4. Stool Test
Specialized stool tests like a stool microbiology or comprehensive stool analysis test can be used to detect and identify different types of bacteria and yeast that cause infections of the lower digestive tract. Testing typically includes a stool culture and microscopy to analyze the growth and presence of Candida. Microbial susceptibility testing is also used to determine the most effective natural and pharmaceutical options for treating Candida. Test kits are provided by your healthcare practitioner so that a stool sample can be conveniently collected from your home and shipped directly to the laboratory for analysis.
It is important to ensure that both a microscopy and culture is included in stool testing to enhance the detection of yeast overgrowth. Yeast are not uniformly dispersed throughout the stool and this may lead to undetectable or low levels of yeast identified by microscopy, despite a positive culture and identified yeast species. On the other hand, microscopic examination may reveal a significant amount of yeast present but no viable yeast cultured, since yeast may not always survive transit through the intestines. Yeast is normally found in very small amounts in a healthy intestinal tract. A normal finding would include none or rare amounts of yeast; however, yeast observed in higher amounts (few, moderate to many) is considered abnormal and treating the overgrowth may result in an improvement in your digestive symptoms.
Candidiasis in the digestive tract can often lead to symptoms like indigestion, bloating, belching, nausea, abdominal cramping, and diarrhea. Candida overgrowth also leads to dysbiosis and inflammation in the digestive tract, leading to intestinal permeability and can even aggravate conditions like ulcerative colitis and Crohn’s disease. In addition, because Candida thrives on simple sugars, it is not uncommon to experience sugar cravings.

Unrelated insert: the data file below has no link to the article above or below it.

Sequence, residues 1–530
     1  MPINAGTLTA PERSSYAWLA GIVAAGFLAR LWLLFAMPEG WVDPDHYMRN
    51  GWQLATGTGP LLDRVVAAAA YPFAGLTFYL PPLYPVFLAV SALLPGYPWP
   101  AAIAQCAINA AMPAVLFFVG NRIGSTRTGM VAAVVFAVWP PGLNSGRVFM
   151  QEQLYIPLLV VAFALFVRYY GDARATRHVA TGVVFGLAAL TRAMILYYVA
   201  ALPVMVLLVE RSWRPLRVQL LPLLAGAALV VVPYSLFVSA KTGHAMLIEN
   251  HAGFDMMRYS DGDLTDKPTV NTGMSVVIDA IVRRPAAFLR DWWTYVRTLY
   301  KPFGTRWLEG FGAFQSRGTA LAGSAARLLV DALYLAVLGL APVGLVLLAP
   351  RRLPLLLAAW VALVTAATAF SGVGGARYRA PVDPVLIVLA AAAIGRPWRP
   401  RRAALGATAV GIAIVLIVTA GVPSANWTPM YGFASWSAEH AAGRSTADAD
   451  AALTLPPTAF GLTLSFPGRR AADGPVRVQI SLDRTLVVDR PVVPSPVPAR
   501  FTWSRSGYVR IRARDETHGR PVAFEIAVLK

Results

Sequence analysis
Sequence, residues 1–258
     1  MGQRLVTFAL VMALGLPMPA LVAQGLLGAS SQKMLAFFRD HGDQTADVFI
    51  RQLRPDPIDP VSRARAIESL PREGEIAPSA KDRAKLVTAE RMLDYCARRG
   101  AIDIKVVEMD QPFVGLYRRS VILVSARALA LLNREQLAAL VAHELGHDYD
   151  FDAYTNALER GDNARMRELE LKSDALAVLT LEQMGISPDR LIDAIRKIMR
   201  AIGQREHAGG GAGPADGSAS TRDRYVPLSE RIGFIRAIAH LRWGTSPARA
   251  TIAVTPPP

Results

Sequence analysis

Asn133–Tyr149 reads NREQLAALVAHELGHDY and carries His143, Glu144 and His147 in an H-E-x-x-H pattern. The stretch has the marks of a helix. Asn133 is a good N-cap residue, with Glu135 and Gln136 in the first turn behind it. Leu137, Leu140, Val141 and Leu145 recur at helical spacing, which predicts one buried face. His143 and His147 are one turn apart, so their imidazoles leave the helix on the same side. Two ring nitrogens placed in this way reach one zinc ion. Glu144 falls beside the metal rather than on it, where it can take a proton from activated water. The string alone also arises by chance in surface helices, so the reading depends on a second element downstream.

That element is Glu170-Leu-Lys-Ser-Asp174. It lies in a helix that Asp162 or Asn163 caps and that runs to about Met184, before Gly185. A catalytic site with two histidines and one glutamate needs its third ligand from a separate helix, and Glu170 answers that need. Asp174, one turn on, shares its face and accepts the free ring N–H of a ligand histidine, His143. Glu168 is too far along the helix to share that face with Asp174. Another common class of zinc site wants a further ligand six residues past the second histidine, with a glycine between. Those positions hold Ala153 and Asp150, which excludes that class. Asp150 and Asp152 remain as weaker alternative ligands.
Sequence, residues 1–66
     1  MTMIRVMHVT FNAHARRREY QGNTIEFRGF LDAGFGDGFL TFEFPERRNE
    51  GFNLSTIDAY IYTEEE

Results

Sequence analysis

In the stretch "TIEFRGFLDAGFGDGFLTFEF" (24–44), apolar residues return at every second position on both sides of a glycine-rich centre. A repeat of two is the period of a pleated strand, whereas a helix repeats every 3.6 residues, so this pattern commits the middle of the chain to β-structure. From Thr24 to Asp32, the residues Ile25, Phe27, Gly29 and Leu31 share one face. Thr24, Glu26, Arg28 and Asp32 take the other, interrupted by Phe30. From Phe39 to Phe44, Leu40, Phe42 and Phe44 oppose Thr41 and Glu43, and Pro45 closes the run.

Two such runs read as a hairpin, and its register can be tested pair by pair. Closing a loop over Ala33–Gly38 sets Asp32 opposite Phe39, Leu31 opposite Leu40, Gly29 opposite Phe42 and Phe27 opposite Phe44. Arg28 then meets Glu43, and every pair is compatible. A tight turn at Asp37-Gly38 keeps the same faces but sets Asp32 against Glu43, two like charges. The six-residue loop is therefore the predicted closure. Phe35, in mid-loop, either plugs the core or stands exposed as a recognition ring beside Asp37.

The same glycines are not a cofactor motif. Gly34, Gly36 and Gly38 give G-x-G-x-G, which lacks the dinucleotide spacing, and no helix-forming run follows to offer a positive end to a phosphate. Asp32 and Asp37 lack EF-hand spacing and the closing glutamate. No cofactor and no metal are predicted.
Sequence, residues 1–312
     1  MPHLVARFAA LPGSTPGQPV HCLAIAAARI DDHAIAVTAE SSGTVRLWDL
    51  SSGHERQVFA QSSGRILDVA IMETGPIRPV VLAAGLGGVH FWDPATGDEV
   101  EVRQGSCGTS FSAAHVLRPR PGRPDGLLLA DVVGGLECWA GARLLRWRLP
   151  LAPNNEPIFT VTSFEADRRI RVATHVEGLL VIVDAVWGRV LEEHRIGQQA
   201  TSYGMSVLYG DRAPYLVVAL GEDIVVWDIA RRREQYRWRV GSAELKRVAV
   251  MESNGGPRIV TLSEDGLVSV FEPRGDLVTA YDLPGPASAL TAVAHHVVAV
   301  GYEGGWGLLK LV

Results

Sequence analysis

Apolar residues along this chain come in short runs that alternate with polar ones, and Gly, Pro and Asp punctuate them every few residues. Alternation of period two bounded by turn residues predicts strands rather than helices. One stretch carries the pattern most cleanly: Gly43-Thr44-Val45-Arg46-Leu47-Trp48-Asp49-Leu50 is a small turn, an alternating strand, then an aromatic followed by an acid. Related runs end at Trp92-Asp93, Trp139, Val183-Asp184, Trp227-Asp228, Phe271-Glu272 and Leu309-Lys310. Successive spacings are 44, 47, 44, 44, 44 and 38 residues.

5. Blood Test – Candida Antibody (IgA, IgM, IgG)
Our immune system produces antibodies to fight off an infection such as bacteria, viruses, or other invaders. A blood test measuring these antibodies for Candida can determine if your immune system is reacting to it. These antibodies come in three different classes: IgG, IgA and IgM. IgG antibodies, the most abundant type of antibody, is found in the blood and extracellular fluids and elevated levels can reflect either an ongoing or a previous infection. IgA antibodies are produced by the mucous membranes, respiratory tract, as well as genital and urinary tract. Elevated IgA levels reflect the immune system fighting infection in either of these areas. IgM antibodies are found mainly in the blood and lymph fluid, and is the first antibody produced to fight a new infection.
It is important to keep in mind that Candida antibody testing can lead to both false negative and false positive results, and a positive test should be interpreted with your symptoms and clinical presentation by your healthcare provider. Those with a weakened compromised immune system may not be able to produce enough antibodies, leading to a false negative blood test result. On the other hand, because yeast can be present in the body in small amounts, it is possible for an uninfected person to show a positive antibody response.
Kumamoto, CA. Inflammation and gastrointestinal Candida colonization. Curr Opin Microbiol. 2011 Aug; 14(4): 386–391. https://www.ncbi.nlm.nih.gov/pmc/articles/PMC3163673/